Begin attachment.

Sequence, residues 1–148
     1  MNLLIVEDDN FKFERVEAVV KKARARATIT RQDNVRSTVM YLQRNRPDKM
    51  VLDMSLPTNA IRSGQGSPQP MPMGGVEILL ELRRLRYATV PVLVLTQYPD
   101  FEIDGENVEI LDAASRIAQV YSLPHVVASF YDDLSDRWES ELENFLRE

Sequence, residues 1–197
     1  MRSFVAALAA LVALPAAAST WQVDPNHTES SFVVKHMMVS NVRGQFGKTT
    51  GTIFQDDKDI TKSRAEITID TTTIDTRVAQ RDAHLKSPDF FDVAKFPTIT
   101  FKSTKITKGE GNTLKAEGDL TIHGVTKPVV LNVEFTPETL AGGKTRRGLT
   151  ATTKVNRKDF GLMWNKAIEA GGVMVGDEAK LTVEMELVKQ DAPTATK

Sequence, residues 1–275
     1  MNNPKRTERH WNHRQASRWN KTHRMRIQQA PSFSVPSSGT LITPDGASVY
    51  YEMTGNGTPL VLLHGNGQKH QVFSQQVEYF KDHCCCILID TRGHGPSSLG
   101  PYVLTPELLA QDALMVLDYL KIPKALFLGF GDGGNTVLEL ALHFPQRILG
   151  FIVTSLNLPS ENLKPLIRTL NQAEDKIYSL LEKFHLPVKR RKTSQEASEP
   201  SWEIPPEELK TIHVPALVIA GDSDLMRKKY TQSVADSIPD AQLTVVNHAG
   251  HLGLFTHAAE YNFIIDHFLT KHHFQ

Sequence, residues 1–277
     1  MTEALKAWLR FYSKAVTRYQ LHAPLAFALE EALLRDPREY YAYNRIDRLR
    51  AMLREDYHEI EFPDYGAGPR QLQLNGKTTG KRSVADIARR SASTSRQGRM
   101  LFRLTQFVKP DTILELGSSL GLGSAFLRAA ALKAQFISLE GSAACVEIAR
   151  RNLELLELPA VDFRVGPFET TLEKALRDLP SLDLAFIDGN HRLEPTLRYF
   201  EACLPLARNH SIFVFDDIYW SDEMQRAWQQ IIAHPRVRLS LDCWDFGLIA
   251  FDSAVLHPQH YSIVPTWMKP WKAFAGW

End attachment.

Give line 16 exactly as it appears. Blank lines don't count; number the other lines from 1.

   251  HLGLFTHAAE YNFIIDHFLT KHHFQ